Early last evening, as we all settled down with our families for an evening of relaxation, the blighted life of PC David Rathband drew to a close. He was alone, alone with his thoughts, alone with his disabilities, alone with his last breath.
That he was alone is no surprise, nor any condemnation whatsoever of his many friends and family. It is near impossible to fathom the true thoughts of someone forced to face real disaster in their life. It is human nature to accentuate the positive, to reassure ourselves that ‘our visit’, ‘our friendship’, has been useful; to draw out the signs that they are coming to terms with a traumatic event and facing the future with equanimity; to walk away from their house satisfied that when they said they were doing ‘fine’, then ‘fine’ is what they are doing.
Despite my long experience of coming face to face with families in just such a terrifying seizure of malevolent events conspiring to ruin normal life, I was as guilty as anyone – I penned an emotive piece on David Rathband’s apparent ‘manly’ response – oiled with his public utterances of courage in the face of unwarranted disaster; then I walked away, back to the world of politics, having dropped a few quid into the collecting box set up by his brother. I had ‘heard’ what I wanted to hear – he would be ‘fine’.
That is the normal response of those who do not know someone personally.
For those who are close friends, or who become close friends subsequently, perhaps as a result of shared tribulations, the process continues – the visits, the outings, the conversations. I do not presume to know the content of those conversations with David, but I suspect that many of his friends this morning will be sadly wondering what more they could have done, could have said, could have listened to.
Sadly, it is a rare friend indeed who will listen to the inner rantings of an individual consumed by despair at their predicament. We tell ourselves that it is not ‘good for them’ to dwell on the negative; we encourage them to shut these thoughts away in a box marked ‘not to be opened in public’, where they are free to fester in 3am sessions between self and self, unhindered by the outside world.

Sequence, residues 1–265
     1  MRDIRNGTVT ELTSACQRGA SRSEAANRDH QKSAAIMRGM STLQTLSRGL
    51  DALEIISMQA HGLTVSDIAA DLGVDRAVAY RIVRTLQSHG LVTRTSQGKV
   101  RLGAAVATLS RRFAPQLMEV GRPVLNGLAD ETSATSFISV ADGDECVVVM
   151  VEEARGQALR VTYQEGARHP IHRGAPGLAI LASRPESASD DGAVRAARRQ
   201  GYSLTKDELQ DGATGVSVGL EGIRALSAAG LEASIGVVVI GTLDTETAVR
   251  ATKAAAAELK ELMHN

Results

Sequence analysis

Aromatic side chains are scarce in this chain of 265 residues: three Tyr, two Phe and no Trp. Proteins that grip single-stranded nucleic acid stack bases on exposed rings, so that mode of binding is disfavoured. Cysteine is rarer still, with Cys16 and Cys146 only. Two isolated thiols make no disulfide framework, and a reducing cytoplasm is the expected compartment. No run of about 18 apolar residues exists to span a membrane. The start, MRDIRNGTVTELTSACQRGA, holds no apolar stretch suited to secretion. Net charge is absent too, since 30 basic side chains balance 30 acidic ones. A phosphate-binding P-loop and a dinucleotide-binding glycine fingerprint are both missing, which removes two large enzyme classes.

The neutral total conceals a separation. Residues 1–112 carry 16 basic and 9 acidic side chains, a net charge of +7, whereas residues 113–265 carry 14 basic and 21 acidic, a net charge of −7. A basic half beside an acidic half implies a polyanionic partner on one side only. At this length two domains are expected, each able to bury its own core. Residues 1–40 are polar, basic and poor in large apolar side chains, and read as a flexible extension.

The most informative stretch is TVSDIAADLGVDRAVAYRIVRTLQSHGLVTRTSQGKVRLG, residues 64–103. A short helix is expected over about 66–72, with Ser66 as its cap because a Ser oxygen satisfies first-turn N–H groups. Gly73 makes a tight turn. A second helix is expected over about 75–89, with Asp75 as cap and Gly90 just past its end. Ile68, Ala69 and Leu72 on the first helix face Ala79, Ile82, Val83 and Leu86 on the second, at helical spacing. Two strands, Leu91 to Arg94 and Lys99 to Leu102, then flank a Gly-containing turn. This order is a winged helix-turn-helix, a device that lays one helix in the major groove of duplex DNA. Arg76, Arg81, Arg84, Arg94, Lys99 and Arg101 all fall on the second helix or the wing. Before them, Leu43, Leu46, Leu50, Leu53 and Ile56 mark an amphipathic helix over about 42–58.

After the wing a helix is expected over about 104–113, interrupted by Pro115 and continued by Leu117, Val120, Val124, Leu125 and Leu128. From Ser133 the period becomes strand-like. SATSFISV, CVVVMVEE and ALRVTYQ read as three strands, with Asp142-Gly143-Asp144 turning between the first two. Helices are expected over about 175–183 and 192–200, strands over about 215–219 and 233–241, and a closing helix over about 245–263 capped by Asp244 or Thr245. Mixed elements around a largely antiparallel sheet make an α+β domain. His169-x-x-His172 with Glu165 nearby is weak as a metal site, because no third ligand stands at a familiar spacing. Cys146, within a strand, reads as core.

For the family, the problem is magnified exponentially. One moment they have a husband, a lover, a father, a brother that they have known all their lives, or at least all their married lives. Someone with whom they have spent years knocking off the sharp edges that are the learning curves of disparate individuals sharing a single household. Then comes the phone call from the hospital, the bright and cheery voice of the nurse you have come to know so well – “Doctor say ‘X’ can come home tomorrow, isn’t that great?” The world, the social world around you, rejoices.
Then comes reality. Too often, the truth is that you might just as well have brought home the patient in the next bed. They may look reasonably like your partner/brother/father, as reasonably as the surgeons can construct, but physically, perhaps mentally, certainly emotionally, they are total strangers. Worse, the emotions that the world would prefer them not to dwell on in their presence, can emerge as anger towards their nearest and dearest, in the privacy of their home.
‘In sickness and in health’ is an easy phrase to parrot when you hear of a marriage which has broken up in the thrall of tragedy such as David Rathband experienced; ‘Stand by your man’ a desirable rallying call – we may like to imagine that whatever ill befell our partners, that we would never, ever, abandon them. I have witnessed too often the anguish, the fear, the responsibility for young children, the sheer impossibility of sharing a house with someone that angry, or that depressed, or even that dangerous, to ever condemn a partner who walks away from a marriage where a traumatic ‘difference’ had been wrought upon a partner.
So could any more have been done for David Rathband? Possibly not, probably not. Except that we could all examine our consciences when such situations occur in our own social world. Did we leave the door open for that person to really talk? Did we allow them to say unpalatable things? To let the savage thoughts out of their head, into the fresh air? To say whatever they wanted to say? Or did we just want to hear what we wanted to hear?
We can belatedly and collectively do one thing for PC David Rathband. That is to retweet this post, your own post, your own thoughts, anything you can lay your hands upon, to #pcdavidrathband.
If there is anything more obscene than the sad lonely death of PC Rathband, it is waking up this morning to find that the Chav icon, symbol of the underbelly of modern Britain, Raoul Moat, is trending on Twitter in response to David’s death.
That is something we can deal with. Get #pcdavidrathband trending and knock that overgrown truculent child back into obscurity where he belongs.